Credit Suisse will raise $4 billion to step back from Wall Street and double down on managing the finances of the world’s wealthy, the scandal-plagued Swiss bank said on Thursday.
The company unveiled a “radical” turnaround plan that it said would leave it “a stronger, more resilient and more efficient bank.” The effort means it will slash 9,000 full-time jobs by the end of 2025, with 2,700 cuts to come shortly.
“This is a historic moment for Credit Suisse,” CEO Ulrich Körner said in a statement.
The lender said it already had a commitment of up to $1.5 billion from the Saudi National Bank, which would give it a stake of just under 10%.
The announcement failed to reassure investors — especially since it was accompanied by news that the bank lost roughly $4 billion in the third quarter. Shares of Credit Suisse (CS) plunged 15% in morning trading in Zurich.
The bank attributed its financial performance to widespread market volatility and global economic turmoil that’s pushed clients to avoid risk, as well as the execution of its restructuring plan.
Chairman Axel Lehmann said he was convinced Credit Suisse now has a “blueprint for success.” It will dramatically overhaul its investment bank, offloading a huge chunk of risky assets, and spin off CS First Boston, an independent unit that will house its capital markets and advisory business.
As part of its effort to downsize its investment bank, Credit Suisse will also transfer “a significant portion” of its securitized-products group to a consortium of investors led by Apollo Global Management, the private equity firm. The unit trades securities backed by mortgages and other loans.
Additionally, Credit Suisse is aiming for billions of dollars in cost reductions. The bank recently disclosed that it’s looking to sell the famous Savoy Hotel in Zurich and sold its stake in the fintech company Allfunds.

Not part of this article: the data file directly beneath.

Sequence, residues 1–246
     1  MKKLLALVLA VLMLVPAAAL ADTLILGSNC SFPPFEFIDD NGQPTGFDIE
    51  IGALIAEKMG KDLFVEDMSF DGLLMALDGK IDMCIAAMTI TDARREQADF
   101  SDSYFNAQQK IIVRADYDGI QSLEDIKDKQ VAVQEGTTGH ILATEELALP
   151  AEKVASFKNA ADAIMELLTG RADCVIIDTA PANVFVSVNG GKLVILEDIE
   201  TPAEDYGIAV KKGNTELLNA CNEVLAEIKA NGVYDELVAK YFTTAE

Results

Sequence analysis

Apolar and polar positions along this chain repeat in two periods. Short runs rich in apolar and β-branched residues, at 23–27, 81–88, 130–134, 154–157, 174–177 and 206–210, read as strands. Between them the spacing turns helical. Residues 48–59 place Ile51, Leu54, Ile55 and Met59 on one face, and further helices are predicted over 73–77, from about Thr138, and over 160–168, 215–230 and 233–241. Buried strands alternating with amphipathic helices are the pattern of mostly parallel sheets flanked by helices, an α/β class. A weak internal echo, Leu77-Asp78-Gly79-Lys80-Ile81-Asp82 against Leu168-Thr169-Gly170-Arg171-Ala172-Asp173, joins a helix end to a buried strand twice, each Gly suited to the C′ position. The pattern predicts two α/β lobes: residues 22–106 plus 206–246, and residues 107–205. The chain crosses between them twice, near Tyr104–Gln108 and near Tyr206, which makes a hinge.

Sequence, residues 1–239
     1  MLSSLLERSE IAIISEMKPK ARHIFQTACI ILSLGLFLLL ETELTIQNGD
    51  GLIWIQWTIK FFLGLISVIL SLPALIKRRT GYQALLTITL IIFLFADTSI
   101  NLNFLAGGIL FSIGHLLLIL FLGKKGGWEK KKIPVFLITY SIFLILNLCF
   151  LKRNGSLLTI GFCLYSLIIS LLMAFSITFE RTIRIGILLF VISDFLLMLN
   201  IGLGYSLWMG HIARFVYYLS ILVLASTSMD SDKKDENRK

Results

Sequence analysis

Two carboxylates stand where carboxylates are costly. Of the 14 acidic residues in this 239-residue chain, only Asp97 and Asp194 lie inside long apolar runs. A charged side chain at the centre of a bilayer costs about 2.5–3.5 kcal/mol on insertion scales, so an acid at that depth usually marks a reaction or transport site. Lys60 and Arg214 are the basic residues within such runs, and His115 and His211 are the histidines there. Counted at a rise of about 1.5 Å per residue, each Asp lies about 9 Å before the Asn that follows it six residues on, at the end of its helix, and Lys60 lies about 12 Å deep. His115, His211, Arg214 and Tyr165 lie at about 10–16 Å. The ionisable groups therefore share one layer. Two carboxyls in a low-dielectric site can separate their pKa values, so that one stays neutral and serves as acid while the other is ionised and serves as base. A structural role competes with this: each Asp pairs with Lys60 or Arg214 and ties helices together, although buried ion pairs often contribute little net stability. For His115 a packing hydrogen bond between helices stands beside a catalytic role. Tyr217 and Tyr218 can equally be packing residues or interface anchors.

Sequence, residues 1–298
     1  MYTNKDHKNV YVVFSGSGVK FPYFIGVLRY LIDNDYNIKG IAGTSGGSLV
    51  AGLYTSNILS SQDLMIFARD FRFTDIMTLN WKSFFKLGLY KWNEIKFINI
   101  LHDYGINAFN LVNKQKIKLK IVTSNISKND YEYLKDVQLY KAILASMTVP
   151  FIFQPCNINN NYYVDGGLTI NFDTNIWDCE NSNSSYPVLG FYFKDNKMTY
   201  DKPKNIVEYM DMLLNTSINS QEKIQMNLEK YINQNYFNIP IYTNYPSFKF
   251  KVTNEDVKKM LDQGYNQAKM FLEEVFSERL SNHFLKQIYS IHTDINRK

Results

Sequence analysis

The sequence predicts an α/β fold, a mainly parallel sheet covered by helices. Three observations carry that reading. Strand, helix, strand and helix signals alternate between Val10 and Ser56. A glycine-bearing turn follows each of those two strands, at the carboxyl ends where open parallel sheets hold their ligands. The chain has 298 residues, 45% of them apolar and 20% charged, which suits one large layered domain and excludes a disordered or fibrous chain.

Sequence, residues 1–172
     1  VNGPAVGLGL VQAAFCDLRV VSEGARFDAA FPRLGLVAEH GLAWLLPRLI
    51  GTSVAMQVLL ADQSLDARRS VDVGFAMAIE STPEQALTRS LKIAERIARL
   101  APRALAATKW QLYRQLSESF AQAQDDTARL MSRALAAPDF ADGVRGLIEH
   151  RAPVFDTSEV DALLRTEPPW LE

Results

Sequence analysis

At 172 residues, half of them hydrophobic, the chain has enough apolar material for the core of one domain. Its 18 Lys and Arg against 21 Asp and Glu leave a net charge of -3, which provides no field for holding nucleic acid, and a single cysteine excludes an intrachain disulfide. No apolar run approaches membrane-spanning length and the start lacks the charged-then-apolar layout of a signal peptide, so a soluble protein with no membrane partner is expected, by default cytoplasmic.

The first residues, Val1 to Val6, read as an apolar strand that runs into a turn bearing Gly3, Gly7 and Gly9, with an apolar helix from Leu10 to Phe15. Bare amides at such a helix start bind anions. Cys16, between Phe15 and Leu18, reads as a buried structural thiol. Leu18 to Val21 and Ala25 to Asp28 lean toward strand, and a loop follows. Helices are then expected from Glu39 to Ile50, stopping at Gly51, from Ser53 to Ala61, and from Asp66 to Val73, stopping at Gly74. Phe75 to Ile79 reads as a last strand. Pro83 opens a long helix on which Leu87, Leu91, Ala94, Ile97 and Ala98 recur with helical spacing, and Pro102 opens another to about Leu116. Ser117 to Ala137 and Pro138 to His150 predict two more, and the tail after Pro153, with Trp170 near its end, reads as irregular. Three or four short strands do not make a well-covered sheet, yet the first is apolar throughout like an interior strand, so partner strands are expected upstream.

Turning a new page
The lender is looking to begin a new chapter after a difficult stretch that’s damaged its business and reputation.
One high-profile blunder involved the collapse of the US hedge fund Archegos Capital last year, which cost Credit Suisse $5.5 billion. An independent external investigation later found “a failure to effectively manage risk.”
Earlier this month, social media speculation that the bank was on the brink of collapse sent shares on a wild ride.
Analysts said that Credit Suisse had more than enough capital on hand to meet regulatory requirements and the liquidity necessary to deal with a potential shock. But Credit Suisse said Thursday that it had been hurt by the tumult.
Assets under management fell to $1.4 trillion, declining by nearly $54 billion over the quarter as clients pulled their money.
“During the first two weeks of October 2022, following negative press and social media coverage based on incorrect rumors, Credit Suisse experienced a significant level of deposit and assets under management outflows,” the bank said. “While these outflows have stabilized since this period, they have not yet reversed.”